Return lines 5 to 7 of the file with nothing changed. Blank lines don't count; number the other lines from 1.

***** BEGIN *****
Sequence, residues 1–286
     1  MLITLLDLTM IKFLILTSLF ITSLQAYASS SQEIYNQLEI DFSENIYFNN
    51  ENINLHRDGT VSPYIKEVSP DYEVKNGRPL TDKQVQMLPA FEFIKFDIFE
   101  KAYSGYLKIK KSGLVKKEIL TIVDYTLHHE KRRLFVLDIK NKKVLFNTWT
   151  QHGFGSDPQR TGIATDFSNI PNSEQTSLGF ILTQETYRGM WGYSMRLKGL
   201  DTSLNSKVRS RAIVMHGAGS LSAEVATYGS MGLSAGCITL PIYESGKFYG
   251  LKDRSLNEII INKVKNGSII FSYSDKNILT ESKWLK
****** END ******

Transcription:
   151  QHGFGSDPQR TGIATDFSNI PNSEQTSLGF ILTQETYRGM WGYSMRLKGL
   201  DTSLNSKVRS RAIVMHGAGS LSAEVATYGS MGLSAGCITL PIYESGKFYG
   251  LKDRSLNEII INKVKNGSII FSYSDKNILT ESKWLK